The diversity and contribution of indigenous edible fruit plants to the rural community in the Gayo Highlands, Indonesia

Zidni Ilman Navia, Adi Bejo Suwardi, Tisna Harmawan, Syamsuardi Syamsuardi, Erizal Mukhtar


The Gayo Highlands offer different indigenous edible fruit species (IEFs) used by the rural community, essentially to provide products such as fruits, oil, medicine, nuts, and fodder. In recent times, these IEFs are being threatened by over-exploitation and biodiversity loss. This study, therefore, aimed to explore the diversity of IEFs and evaluate its contribution to the enhancement of the rural community income in the Gayo Highlands region. The plant materials were randomly collected from nine villages in three districts, while local knowledge was valued through a survey and in-depth interviews. Data were collected by surveying 225 people, 25 from each of the nine study areas,. A total of 38 species of fruits belonging to 19 families were found with the most utilised including Artocarpus integer, Baccaurea motleyana, Diospyros kaki, Durio zibethinus, Garcinia mangostana, Lansium parasiticum, Mangifera foetida, Mangifera odorata, Passiflora foetida, Syzygium aqueum, Syzygium attenuatum, Syzygium cumini, and Syzygium malaccense. These fruits made up the main source of food and income and were harvested by approximately 86 % of the respondents. Moreover, the sale of IEFs contributed to approximately 43 % of the total yearly household income. These findings confirmed the prior assumption that IEFs are of significant importance to the rural economy as a food and through income generation.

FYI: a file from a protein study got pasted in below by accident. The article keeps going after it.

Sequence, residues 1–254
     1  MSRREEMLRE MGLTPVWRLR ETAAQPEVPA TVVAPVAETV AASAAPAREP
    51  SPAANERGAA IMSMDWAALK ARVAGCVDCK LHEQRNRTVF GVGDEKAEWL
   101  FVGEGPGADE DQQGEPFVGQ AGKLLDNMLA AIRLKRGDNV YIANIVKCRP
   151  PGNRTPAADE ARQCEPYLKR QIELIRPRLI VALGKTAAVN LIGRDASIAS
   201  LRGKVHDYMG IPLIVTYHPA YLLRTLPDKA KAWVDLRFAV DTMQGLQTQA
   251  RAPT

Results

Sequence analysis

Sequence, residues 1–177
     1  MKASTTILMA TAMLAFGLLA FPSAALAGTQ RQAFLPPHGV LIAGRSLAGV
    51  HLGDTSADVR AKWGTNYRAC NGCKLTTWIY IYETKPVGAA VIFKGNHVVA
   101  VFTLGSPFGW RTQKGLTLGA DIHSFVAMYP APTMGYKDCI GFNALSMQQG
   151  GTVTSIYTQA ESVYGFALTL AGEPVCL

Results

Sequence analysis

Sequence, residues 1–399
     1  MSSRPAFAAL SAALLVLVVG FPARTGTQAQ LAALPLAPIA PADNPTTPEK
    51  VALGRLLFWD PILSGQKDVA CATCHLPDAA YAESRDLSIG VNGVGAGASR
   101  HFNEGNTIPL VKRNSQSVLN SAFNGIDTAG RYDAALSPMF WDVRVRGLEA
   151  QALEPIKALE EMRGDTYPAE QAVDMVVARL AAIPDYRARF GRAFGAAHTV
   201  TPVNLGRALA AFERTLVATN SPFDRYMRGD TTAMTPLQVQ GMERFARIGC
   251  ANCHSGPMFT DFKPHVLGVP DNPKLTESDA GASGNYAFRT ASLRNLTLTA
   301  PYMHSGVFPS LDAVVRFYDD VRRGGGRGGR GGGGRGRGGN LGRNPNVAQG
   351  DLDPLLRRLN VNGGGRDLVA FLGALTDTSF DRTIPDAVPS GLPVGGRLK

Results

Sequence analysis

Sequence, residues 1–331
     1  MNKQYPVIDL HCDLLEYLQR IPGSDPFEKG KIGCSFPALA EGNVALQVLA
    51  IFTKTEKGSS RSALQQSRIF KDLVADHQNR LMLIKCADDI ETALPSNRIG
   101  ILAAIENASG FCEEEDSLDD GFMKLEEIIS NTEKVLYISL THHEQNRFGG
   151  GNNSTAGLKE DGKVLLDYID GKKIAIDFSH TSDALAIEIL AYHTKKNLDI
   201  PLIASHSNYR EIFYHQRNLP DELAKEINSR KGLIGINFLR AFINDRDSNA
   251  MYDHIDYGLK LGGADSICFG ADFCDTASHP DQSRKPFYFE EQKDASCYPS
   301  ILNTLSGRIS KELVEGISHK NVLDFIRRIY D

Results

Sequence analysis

Botanical inventory, economics, ethnobotany, traditional knowledge, Sumatra

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